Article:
National Louis University Redefines Retirement
Every Monday through Friday, people like Evanston resident Dee Hannan and Bob Radunsky of Northbrook, can be found in the fourth-floor classrooms at National Louis University’s North Shore Campus in Skokie. Dee, a former elementary school teacher and NLU alum, and Bob, who was an executive of an international oil company for 35 years, chose to become involved in the university’s Lifelong Learning Institute because it offered such a distinctive peer-learning experience.
Hannan and Radunsky, along with more than 350 other Chicago and North suburban-area adults over age 55, are members of National Louis University’s Lifelong Learning Institute (LLI). LLI’s courses provide a chance for adults of retirement age to explore new subjects and exchange opinions and ideas with contemporaries. Members tackle a wide range of topics they’ve suggested, like literature, film, science, current events, music and history in courses that meet weekly for two-hours. At each session, individual members volunteer as leaders and, by asking thought-provoking questions, a lively discussion by class participants ensues.
Radunsky, who has become an avid golfer and cyclist, says it’s been just as important to keep his mind fit since he quit working 8 years ago. “This program has been an incredible learning experience and the spirited discussions we have in our “What If” class definitely have kept me mentally stimulated.”
Hannan, who is a talented weaver and active traveler, admits that “LLI is a big part of my life. I love the mental stimulation I don’t find anywhere else.” She is currently co-coordinating a class on The Underground Railroad.
“Involve me” – the Advantage of Peer Learning
Benjamin Franklin said, “Tell me, and I forget. Teach me and I remember. Involve me, and I learn.” His words describe the way the National Louis member-driven, peer learning program is run. LLI members are on the governing council, chair the operational committees and serve on those committees. Members propose and coordinate the study groups that are offered. And each week, members volunteer to lead the discussion in those study groups. The key is learning from one another. No grades, no exams – just exploring new subjects and exchanging opinions and ideas with contemporaries who consider learning an integral part of life.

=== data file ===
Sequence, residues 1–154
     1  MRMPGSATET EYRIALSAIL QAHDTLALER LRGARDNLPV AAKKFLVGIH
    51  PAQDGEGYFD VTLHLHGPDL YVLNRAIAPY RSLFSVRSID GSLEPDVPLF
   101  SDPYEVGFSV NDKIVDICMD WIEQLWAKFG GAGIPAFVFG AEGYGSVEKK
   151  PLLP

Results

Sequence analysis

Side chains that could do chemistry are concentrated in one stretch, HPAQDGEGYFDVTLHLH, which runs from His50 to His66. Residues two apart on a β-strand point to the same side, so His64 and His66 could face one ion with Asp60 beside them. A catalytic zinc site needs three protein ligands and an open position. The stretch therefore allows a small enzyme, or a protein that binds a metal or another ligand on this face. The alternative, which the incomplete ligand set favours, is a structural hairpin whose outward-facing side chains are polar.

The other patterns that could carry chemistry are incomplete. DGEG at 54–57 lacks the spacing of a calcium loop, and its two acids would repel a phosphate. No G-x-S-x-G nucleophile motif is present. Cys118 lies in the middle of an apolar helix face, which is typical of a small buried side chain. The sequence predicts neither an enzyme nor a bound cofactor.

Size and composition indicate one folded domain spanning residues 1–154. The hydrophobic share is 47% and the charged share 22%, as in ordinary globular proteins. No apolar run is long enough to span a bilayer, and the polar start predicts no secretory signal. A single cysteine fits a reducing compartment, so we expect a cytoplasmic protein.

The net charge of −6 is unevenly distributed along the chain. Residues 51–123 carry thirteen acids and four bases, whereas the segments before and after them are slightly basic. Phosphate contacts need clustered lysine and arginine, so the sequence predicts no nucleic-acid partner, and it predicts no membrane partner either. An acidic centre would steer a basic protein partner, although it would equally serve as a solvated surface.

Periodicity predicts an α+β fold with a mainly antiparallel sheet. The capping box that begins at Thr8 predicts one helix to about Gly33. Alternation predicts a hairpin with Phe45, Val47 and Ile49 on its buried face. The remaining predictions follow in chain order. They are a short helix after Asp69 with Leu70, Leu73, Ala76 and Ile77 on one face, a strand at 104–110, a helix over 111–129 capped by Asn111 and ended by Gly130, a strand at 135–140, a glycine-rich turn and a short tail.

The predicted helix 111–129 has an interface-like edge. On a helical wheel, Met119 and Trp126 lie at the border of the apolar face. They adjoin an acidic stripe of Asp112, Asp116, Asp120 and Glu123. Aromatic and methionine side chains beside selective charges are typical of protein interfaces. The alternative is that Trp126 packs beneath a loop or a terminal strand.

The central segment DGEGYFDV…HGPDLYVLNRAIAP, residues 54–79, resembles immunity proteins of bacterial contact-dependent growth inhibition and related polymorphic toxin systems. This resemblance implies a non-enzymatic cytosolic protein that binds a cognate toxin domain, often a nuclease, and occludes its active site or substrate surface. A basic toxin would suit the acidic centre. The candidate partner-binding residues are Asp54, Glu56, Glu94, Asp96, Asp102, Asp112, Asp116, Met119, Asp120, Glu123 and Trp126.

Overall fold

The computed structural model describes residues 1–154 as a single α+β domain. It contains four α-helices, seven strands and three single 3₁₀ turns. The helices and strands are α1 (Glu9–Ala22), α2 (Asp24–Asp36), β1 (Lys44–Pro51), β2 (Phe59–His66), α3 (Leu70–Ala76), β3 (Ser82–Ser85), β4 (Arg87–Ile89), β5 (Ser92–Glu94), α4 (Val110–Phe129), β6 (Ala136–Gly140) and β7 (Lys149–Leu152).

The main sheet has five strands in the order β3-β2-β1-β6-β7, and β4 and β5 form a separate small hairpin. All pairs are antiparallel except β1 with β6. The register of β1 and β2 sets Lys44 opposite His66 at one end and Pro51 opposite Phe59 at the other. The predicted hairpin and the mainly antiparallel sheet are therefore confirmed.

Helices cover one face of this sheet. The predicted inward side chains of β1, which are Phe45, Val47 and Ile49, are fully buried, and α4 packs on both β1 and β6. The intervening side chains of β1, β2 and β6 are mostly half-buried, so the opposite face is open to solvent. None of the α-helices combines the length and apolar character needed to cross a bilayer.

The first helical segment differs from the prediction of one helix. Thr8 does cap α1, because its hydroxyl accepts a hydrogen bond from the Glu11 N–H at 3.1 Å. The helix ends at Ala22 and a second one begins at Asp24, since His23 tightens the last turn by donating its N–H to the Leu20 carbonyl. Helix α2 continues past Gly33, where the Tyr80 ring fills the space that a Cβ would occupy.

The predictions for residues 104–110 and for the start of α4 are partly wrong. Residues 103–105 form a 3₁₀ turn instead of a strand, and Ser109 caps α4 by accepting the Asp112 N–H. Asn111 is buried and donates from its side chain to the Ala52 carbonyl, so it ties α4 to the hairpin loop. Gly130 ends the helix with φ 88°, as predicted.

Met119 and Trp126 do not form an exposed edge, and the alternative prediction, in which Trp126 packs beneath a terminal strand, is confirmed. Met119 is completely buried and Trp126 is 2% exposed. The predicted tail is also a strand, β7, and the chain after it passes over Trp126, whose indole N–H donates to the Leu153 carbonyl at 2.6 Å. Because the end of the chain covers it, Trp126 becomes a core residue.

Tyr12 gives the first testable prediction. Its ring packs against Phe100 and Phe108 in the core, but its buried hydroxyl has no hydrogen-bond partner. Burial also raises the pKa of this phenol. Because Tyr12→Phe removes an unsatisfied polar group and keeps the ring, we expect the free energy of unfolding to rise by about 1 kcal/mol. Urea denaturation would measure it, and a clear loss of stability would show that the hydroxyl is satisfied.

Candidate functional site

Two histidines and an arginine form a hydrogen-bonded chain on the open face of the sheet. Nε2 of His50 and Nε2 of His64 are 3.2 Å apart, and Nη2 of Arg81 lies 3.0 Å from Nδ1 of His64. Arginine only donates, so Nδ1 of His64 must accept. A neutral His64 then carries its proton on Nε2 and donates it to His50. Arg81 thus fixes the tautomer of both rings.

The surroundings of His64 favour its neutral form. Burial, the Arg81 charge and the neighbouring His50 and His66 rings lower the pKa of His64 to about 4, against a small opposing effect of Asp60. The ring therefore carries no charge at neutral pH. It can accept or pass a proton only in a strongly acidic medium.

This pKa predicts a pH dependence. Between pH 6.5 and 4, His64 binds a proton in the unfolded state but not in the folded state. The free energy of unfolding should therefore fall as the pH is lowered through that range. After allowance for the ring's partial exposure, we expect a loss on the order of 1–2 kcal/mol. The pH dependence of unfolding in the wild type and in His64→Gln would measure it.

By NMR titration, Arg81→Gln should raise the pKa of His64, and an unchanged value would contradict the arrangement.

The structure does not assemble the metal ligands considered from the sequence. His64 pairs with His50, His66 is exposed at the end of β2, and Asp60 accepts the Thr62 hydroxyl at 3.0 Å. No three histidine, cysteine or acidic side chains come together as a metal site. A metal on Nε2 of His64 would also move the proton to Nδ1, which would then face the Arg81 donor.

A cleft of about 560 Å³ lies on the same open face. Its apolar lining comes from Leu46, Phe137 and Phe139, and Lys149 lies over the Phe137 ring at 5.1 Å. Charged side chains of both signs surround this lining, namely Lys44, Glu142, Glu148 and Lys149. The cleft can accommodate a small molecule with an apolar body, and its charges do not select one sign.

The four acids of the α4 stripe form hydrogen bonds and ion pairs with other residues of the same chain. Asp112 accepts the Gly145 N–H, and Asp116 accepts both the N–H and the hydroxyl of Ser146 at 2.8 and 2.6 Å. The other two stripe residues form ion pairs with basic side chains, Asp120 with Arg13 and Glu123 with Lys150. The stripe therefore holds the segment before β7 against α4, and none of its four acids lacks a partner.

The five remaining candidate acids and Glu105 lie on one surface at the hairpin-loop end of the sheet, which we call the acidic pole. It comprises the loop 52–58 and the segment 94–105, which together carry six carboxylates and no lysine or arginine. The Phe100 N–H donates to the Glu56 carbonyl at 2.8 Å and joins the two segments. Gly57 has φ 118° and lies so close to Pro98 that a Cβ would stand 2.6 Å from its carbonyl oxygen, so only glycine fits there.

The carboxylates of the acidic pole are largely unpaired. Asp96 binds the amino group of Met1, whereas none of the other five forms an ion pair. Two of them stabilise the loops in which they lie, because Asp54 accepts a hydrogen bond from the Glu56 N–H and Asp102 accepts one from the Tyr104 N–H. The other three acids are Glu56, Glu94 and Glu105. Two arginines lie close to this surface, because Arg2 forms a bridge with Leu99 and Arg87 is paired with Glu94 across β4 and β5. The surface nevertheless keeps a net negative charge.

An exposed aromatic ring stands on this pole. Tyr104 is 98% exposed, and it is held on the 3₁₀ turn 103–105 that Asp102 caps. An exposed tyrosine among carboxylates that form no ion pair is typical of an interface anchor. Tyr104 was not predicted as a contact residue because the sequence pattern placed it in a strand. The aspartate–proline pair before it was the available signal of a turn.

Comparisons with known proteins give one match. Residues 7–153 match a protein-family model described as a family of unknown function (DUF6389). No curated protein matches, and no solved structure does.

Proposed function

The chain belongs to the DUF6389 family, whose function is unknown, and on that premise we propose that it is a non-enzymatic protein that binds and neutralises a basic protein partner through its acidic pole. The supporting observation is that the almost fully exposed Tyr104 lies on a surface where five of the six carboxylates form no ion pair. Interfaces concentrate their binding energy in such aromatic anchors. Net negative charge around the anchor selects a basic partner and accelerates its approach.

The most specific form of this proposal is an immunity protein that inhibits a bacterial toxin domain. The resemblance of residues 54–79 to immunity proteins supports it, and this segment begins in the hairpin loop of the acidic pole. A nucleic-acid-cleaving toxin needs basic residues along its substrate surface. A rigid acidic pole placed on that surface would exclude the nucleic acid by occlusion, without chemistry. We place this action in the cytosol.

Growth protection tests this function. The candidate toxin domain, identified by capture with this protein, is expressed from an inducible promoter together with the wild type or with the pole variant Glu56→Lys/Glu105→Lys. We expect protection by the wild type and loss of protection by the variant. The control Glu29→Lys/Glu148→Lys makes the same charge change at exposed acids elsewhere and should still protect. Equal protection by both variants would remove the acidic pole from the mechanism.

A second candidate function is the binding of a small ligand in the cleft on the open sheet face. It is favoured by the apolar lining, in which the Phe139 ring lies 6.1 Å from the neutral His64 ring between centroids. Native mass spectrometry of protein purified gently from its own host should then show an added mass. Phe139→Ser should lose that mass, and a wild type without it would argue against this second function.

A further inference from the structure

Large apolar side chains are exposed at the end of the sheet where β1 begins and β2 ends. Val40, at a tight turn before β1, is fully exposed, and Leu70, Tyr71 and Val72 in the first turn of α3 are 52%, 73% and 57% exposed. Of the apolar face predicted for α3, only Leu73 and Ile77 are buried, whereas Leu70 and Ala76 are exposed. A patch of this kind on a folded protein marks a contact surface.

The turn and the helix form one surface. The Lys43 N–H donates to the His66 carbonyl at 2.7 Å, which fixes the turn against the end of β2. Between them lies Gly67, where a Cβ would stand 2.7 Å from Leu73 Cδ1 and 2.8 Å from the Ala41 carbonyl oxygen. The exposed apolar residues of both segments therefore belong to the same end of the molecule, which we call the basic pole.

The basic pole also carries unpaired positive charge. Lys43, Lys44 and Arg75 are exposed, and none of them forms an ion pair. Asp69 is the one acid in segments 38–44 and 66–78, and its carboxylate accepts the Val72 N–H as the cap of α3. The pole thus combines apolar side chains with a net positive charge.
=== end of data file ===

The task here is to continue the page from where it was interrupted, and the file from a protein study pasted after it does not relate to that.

“This is truly remarkable and not the traditional way of education,” says, Joan Marks, former Director of The Lifelong Learning Institute. “LLI values your individual experiences that enable all of you to work together to create meaning from multiple perspectives.” “There is something for everyone who is looking for new ways to pursue interests they never had time for when they were working,” said Joan Marks, “And, the best way for someone to really find out if this peer led program is right for them, is to experience it first-hand.” Marks encourages anyone who is interested to call and make a date to attend a class.
How the program works
The cost of membership, $420 for the 2013-2014 academic year, includes two 15-week Fall and Spring semesters and two 5-week winter/summer sessions. Classes meet once a week for two hours and participants can take up to three classes a semester. Special rates are available for people who want to try out the program or just attend for one semester.
Current members say they enjoy the invigorating atmosphere at National Louis University’s conveniently-located North Shore Campus. Additional benefits include an opportunity to create a community of peers, meet engaging faculty, incomparable member customer service and free on-campus parking.
About the Lifelong Learning Institute
The mission of the Lifelong Learning Institute is to play a significant role in the lives of adults who seek continued intellectual growth and to provide opportunities for social interaction.
For more information on the Lifelong Learning Institute, visit www.nl.edu/lifelonglearning.